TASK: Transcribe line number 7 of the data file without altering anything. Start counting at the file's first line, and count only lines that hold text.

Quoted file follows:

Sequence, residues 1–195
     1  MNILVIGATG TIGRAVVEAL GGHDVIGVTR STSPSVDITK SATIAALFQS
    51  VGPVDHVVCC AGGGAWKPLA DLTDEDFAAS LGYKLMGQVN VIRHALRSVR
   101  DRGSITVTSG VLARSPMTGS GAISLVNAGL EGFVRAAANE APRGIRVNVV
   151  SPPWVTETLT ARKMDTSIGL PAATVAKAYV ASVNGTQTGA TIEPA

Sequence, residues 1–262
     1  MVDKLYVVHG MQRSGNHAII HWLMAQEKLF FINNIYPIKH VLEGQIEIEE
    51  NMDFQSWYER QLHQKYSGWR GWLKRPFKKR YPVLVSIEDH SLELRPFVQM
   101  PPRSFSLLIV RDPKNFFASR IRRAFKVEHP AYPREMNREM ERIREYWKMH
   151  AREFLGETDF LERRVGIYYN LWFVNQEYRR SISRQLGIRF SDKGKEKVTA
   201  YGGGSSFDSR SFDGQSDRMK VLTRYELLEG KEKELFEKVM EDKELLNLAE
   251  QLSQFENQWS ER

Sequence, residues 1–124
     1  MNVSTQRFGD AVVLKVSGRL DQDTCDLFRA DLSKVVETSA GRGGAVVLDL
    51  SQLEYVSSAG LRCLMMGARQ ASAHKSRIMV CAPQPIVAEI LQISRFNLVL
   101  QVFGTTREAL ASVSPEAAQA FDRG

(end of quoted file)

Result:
     1  MVDKLYVVHG MQRSGNHAII HWLMAQEKLF FINNIYPIKH VLEGQIEIEE